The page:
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How to increase calorie burn during a strength-training workout?

Flexibility & Mobility
Content by Akshita Arora

The main objective of strength training isn't burning calories but to increase muscle mass, muscle strength and improving functionality. For the same training duration, strength training doesn't burn as many calories as cardio does. But, if someone wants to increase calorie expenditure through strength training while improving their body composition, here are a few ways: Include more compound exercises: multiple joint exercises involve more muscles than single-joint and hence help burn more calories. So if your aim is to increase calorie expenditure through strength training, add more compound exercises like squats, bench press, deadlifts etc. Selecting the right training split: Training large muscle groups like quads and glutes burns more calories than working on smaller muscle groups like biceps, calves etc. Research done on eight different compound exercises showed that lower body exercises' energy cost was higher compared to upper body exercises (1). This doesn't mean that you should only train the lower body, but you shouldn't skip a leg day either :D . So your training split should create a right balance between upper and lower body routine. Increase the intensity: The above-stated research also showed that energy demands increased with increasing the training intensity. So, increasing the weight that you are lifting is also a good way to increase the exercise's energy demand. Add more training volume: More training volume means more calorie burn. Besides increasing the training load, one can also increase the number of sets or repetitions in an exercise to increase the training session's overall work. Add supersets/ drop sets: Adding drop sets and supersets is also a great way to increase training volume and energy expenditure if you are short on time. Reference: 1. Reis, V. M., Garrido, N. D., Vianna, J., Sousa, A. C., Alves, J. V., & Marques, M. C. (2017). Energy cost of isolated resistance exercises across low-to high-intensities. PLoS One, 12(7), e0181311.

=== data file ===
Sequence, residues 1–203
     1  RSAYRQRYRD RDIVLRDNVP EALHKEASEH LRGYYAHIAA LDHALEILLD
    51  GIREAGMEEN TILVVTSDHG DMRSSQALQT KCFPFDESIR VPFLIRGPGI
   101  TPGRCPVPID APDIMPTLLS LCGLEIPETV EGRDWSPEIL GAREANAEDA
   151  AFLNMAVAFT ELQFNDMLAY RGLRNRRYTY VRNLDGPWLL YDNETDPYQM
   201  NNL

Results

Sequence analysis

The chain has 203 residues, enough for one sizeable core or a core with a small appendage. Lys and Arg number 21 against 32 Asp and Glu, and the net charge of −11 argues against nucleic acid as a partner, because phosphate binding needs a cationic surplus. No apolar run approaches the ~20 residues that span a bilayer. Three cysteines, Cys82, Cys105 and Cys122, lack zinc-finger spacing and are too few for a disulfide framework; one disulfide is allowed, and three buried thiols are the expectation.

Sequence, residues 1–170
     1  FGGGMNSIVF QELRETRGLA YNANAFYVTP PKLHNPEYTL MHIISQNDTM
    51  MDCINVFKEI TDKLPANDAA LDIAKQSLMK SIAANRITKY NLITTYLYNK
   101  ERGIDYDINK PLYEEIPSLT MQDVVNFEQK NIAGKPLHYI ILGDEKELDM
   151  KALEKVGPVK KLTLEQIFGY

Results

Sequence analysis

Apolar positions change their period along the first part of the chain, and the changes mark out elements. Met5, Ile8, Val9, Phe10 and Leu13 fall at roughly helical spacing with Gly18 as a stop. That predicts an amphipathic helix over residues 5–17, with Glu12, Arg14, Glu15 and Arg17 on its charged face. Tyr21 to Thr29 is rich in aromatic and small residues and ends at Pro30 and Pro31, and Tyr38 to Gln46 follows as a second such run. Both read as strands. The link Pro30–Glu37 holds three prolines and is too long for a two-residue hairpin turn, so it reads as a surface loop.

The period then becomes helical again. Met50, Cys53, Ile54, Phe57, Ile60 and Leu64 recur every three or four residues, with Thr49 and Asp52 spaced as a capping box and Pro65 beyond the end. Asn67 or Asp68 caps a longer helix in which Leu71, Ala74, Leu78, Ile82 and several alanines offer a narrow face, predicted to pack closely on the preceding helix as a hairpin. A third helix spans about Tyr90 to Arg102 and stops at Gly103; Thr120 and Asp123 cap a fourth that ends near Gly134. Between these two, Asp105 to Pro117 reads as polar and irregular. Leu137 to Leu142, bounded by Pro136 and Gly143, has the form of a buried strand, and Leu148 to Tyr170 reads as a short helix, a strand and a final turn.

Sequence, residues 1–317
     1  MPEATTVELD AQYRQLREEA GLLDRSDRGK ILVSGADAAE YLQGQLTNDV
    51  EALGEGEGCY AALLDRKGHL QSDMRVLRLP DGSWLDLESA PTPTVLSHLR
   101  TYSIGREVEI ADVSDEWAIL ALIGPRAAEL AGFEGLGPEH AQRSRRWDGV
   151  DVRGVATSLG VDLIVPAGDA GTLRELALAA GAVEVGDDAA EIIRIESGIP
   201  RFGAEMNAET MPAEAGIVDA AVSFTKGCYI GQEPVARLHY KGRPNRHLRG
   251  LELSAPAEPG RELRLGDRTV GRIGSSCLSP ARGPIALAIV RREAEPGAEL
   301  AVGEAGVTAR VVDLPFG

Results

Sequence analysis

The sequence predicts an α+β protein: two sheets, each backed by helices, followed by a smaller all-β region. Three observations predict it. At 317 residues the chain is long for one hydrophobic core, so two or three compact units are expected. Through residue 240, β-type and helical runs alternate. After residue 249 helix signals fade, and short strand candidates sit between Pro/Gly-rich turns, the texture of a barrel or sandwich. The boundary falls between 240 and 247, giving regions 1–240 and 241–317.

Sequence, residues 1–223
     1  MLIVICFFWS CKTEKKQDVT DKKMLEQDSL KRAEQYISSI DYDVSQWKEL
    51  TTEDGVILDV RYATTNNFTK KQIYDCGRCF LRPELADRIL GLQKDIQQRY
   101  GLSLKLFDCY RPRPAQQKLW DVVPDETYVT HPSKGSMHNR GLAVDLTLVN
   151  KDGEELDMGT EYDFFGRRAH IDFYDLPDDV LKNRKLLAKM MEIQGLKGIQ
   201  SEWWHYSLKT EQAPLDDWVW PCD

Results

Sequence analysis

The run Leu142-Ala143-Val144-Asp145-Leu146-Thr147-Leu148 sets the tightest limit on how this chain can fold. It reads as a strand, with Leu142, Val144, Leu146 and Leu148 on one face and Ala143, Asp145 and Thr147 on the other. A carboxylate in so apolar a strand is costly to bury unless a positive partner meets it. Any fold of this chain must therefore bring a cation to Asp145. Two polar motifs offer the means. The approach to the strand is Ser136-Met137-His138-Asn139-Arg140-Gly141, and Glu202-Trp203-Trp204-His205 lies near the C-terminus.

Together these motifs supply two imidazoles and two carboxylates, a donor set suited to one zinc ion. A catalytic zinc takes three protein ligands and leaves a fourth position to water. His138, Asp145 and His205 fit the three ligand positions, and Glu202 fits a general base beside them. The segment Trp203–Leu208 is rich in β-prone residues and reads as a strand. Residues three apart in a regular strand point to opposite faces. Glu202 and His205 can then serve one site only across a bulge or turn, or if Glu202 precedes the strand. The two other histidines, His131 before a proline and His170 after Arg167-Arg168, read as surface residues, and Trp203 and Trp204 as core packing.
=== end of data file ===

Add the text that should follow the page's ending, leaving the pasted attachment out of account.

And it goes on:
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Salma Begum

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